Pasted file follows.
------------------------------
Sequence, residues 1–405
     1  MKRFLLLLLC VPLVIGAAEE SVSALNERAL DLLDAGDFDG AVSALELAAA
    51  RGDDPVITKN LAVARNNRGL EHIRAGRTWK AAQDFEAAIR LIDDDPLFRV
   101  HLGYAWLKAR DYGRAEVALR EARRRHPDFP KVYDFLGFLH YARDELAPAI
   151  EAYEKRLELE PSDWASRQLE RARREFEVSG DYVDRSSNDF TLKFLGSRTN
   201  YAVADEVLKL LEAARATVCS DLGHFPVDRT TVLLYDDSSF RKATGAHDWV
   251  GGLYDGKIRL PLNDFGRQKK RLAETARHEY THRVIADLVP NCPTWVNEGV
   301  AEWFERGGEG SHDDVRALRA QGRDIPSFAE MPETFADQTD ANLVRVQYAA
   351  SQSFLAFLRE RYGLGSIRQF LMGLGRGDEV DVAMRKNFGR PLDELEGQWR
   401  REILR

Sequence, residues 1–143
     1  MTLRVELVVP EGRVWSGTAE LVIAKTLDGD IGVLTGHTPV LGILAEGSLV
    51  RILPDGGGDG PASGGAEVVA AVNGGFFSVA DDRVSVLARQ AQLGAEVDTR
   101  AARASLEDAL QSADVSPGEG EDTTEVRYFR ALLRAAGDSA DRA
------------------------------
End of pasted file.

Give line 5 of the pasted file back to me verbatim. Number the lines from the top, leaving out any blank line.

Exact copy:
   151  EAYEKRLELE PSDWASRQLE RARREFEVSG DYVDRSSNDF TLKFLGSRTN